No a-Mends made

BUSI­NESS COM­PEN­SA­TION RE­JECTED

Southern Gazette (South Perth) - - NEWS - Aaron Cor­lett

MENDS Street busi­ness own­ers’ quest to get com­pen­sa­tion for de­creas­ing trade has been re­jected by the City of South Perth.

A group of re­tail­ers sub­mit­ted a pe­ti­tion to the City, in which they de­manded im­proved park­ing avail­abil­ity and sig­nage, com­pen­sa­tion for re­duced trad­ing, for the coun­cil to use its re­sources to stim­u­late trad­ing and for it to stop all pop-up busi­nesses.

The is­sues stemmed from the amount of con­struc­tion around the precinct, which busi­ness own­ers said was hurt­ing them.

Coun­cil­lors ac­cepted a re­port on May 23, which dis­missed com­pen­sa­tion and cited a gen­eral down­turn in eco­nomic ac­tiv­ity across Perth and the dif­fi­culty in as­sess­ing which busi­nesses would be el­i­gi­ble for com­pen­sa­tion.

Stop­ping pop-up busi­nesses was not sup­ported be­cause “one of the main aims of pop-up busi­nesses is to ac­ti­vate an area by en­cour­ag­ing peo­ple to visit who may not nor­mally”.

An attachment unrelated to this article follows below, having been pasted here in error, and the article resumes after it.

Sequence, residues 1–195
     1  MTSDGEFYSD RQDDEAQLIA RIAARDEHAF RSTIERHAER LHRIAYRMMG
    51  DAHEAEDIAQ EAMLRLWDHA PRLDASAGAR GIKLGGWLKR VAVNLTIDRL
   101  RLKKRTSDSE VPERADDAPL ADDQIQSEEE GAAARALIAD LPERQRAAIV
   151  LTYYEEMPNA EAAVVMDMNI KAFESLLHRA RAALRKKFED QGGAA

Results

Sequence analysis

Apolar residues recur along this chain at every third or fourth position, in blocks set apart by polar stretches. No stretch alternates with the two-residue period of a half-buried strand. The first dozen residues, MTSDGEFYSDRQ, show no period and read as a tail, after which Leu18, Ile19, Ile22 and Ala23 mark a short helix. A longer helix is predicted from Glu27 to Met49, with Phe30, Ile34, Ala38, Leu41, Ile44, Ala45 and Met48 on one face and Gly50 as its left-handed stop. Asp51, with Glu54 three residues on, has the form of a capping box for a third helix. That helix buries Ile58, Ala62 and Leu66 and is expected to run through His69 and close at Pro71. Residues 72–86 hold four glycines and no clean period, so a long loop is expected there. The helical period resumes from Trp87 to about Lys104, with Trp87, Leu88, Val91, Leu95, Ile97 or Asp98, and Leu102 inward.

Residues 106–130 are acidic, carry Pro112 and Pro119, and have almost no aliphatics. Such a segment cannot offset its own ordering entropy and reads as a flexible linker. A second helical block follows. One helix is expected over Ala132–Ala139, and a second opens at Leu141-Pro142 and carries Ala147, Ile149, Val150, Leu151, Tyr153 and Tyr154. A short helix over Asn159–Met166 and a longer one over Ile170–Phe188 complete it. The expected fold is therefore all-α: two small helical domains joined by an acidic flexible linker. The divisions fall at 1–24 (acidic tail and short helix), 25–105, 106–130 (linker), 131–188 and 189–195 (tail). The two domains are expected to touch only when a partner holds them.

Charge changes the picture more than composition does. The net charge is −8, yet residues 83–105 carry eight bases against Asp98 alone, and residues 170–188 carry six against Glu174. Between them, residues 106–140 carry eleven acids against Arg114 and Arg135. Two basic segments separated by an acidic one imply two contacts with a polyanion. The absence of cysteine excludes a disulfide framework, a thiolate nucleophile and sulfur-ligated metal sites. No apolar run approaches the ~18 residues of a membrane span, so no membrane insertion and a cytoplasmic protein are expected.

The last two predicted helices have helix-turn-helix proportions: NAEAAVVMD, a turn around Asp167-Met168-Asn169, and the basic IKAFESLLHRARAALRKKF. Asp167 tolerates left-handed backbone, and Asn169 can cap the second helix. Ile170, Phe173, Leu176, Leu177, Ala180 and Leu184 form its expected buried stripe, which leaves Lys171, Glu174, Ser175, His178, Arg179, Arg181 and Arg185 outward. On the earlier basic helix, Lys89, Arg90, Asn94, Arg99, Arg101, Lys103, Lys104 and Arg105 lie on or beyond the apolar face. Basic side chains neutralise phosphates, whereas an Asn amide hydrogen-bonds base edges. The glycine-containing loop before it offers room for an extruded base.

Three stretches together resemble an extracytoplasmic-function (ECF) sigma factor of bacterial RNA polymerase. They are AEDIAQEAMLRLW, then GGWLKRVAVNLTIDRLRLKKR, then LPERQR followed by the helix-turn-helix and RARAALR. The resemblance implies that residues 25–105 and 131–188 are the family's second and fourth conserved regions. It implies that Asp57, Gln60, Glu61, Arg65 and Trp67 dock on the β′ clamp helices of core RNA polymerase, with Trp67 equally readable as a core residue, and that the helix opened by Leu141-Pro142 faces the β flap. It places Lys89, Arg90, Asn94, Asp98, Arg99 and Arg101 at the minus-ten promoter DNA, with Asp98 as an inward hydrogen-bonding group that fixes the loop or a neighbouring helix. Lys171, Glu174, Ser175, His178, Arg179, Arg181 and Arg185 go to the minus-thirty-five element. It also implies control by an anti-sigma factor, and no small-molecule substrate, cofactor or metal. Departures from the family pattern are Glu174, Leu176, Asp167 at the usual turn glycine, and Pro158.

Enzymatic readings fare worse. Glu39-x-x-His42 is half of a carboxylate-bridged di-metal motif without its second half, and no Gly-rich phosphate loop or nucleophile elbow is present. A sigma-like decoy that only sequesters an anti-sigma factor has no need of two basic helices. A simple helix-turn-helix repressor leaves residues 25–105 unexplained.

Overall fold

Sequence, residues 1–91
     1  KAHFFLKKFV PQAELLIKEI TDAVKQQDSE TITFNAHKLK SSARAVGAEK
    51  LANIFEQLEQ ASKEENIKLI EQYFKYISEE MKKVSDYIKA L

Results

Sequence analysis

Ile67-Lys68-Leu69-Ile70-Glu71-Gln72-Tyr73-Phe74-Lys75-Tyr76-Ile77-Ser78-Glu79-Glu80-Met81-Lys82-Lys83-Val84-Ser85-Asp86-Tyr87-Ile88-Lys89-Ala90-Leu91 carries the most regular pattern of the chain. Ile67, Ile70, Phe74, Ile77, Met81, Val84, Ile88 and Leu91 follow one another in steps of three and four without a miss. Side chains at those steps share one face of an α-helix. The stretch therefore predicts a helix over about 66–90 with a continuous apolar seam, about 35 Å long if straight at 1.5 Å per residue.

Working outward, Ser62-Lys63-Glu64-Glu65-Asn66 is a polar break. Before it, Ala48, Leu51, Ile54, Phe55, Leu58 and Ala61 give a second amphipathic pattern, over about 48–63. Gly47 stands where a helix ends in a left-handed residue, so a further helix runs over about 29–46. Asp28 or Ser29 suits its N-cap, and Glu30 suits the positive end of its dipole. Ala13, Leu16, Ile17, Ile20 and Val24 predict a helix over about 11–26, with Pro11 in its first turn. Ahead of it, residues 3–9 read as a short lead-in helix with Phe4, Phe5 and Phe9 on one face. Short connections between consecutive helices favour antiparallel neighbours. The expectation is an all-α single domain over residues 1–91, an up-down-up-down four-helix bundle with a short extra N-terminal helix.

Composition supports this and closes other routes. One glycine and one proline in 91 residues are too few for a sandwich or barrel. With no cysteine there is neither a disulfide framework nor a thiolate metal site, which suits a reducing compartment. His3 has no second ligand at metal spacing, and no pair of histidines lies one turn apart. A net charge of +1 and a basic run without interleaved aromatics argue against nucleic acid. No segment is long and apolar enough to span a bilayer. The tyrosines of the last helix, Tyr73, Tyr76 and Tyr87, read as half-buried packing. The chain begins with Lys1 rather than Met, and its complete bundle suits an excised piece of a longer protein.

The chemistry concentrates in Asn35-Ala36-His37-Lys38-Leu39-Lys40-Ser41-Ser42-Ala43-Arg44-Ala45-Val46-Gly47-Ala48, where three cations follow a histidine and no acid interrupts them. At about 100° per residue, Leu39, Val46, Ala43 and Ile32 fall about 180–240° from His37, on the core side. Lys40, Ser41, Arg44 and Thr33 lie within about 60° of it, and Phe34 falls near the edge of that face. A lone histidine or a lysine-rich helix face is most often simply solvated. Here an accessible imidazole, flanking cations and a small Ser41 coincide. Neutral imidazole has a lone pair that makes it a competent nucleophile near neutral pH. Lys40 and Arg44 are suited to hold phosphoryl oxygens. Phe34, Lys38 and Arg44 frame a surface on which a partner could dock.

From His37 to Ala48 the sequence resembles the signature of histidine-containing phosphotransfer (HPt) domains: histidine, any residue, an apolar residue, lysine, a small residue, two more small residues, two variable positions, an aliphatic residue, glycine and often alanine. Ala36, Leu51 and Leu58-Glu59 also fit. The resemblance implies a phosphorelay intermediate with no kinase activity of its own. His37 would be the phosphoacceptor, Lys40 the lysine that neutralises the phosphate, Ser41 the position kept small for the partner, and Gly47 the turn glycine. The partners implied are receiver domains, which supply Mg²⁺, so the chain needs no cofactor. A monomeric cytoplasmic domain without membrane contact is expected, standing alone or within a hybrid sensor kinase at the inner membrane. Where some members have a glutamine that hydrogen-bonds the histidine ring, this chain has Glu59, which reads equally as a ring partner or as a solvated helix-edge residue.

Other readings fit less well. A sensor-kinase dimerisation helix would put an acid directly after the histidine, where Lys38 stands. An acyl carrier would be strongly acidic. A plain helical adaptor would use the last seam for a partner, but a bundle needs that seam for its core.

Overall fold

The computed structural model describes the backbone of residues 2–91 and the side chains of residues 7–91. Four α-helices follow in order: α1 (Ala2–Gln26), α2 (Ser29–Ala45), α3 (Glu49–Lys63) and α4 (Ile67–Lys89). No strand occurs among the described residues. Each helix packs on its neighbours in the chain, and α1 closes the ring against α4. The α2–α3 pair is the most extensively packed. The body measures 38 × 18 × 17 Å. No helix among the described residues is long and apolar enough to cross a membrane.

Prin­ci­pal pe­ti­tioner, Mends Street News and Sup­plies owner Paul Noble, said de­spite key parts of the pe­ti­tion be­ing re­jected, he would con­tinue to cam­paign for lower park­ing costs and com­pen­sa­tion for re­tail­ers.

“The park­ing changes on the South Perth Es­planade aren’t enough; there needs to be more free park­ing in the area to al­low peo­ple to do their shop­ping here,” he said.

“Pop-up busi­nesses on the fore­shore are in di­rect com­pe­ti­tion to busi­nesses along Mends Street and it’s one of the rea­sons that trade has dropped.”

On the mat­ter of park­ing avail­abil­ity and sig­nage, the re­port high­lighted the coun­cil’s firsthour free park­ing trial at two carparks at the South Perth Es­planade and new way­far­ing signs to be erected in Mends Street and South Perth Es­planade.

The re­port also pointed to a key com­po­nent of the Con­nect South project – that the City would work with Mends Street busi­ness own­ers dur­ing reg­u­lar meet­ings.

More than 850 peo­ple signed the pe­ti­tion.

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